My willingness to give writer Daniel Waters some slack on the grounds of early glories sometimes pays off (Sex and Death 101) and sometimes, as with this messy and indistinct Young Adult adaptation, it doesn’t. If Vampire Academy plods along as a less than innovative smart-mouthed Buffy rip-off that might be because, if you added vampires to Heathers, you would probably get something not so far from the world of Joss Whedon. Unfortunately inspiration is a low ebb throughout, not helped any by tepid direction from Daniel’s sometimes-reliable brother Mark and a couple of hopelessly plankish leads who do their best to dampen down any wit that occasionally attempts to surface.

I can only presume there’s a never-ending pile of Young Adult fiction poised for big screen failure, all of it comprising multi-novel storylines just begging for a moment in the Sun. Every time an adaptation crashes and burns (and the odds are that they will) another one rises, hydra-like, hoping…

What ho, Brinkley. So, do you think we’re going to get along, what?

Jeeves and Wooster 2.4: Jeeves in the Country  (aka Chuffy)
The plundering of Thank You, Jeeves elicits two more of the series’ best episodes, the first of which finds Bertie retiring to the country with a new valet, the insolent, incompetent and inebriate Brinkley (a wonderfully sour, sullen performance from Fred Evans, who would receive an encore in the final season), owing to Jeeves being forced to resign over his master’s refusal to give up the trumpet (“not an instrument for a gentleman”; in the book, it’s a banjulele).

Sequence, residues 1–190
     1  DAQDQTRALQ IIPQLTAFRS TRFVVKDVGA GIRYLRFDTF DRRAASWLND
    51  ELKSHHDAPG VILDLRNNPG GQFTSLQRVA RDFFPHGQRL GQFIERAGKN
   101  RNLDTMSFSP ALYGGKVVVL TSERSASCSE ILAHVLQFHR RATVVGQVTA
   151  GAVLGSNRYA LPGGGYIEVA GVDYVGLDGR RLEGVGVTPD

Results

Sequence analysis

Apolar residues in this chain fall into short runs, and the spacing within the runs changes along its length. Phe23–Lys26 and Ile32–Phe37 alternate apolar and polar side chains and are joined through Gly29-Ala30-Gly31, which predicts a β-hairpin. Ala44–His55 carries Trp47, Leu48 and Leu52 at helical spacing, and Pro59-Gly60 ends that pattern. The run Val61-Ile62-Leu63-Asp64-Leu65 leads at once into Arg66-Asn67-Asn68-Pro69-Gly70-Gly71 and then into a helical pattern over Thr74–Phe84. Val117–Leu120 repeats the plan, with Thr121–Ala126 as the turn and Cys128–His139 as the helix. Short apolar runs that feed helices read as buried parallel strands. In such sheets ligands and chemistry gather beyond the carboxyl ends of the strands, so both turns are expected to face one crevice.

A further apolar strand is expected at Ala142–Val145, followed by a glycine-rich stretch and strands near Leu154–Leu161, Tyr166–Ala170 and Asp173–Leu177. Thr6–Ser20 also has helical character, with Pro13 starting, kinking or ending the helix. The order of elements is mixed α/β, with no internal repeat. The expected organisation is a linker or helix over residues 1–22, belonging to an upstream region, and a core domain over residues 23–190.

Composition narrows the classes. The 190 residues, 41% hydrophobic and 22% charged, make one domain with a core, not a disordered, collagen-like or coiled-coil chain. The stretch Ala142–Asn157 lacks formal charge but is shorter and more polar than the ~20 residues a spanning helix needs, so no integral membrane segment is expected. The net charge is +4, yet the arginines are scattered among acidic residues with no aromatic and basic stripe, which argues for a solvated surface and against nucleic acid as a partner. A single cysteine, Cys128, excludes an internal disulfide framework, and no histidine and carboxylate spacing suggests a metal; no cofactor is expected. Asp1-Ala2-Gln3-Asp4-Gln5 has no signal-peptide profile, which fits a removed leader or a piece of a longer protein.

Chuffnall Hall is the setting (filmed at Wrotham Park in Hertfordshire), although the best of the action takes place around Bertie’s digs in Chuffnall Regis (Clovelly, Devon), which old pal Reginald “Chuffy” Chuffnell (Marmaduke Lord Chuffnell) has obligingly rented him, much to the grievance of the villagers, who have to endure his trumpeting disrupting the beatific beach (it’s a lovely spot, one of the most evocative in the series).

Jeeves is snapped up into the e…

Exit bear, pursued by an actor.

Paddington 2 (2017)
(SPOILERS) Paddington 2 is every bit as upbeat and well-meaning as its predecessor. It also has more money thrown at it, a much better villain (an infinitely better villain) and, in terms of plotting, is more developed, offering greater variety and a more satisfying structure. Additionally, crucially, it succeeds in offering continued emotional heft and heart to the Peruvian bear’s further adventures. It isn’t, however, quite as funny.

Even suggesting such a thing sounds curmudgeonly, given the universal applause greeting the movie, but I say that having revisited the original a couple of days prior and found myself enjoying it even more than on first viewing. Writer-director Paul King and co-writer Simon Farnaby introduce a highly impressive array of set-ups with huge potential to milk their absurdity to comic ends, but don’t so much squander as frequently leave them undertapped.

Paddington’s succession of odd jobs don’t quite escalate as uproariously as they migh…

Rejoice! The broken are the more evolved. Rejoice.

Split (2016)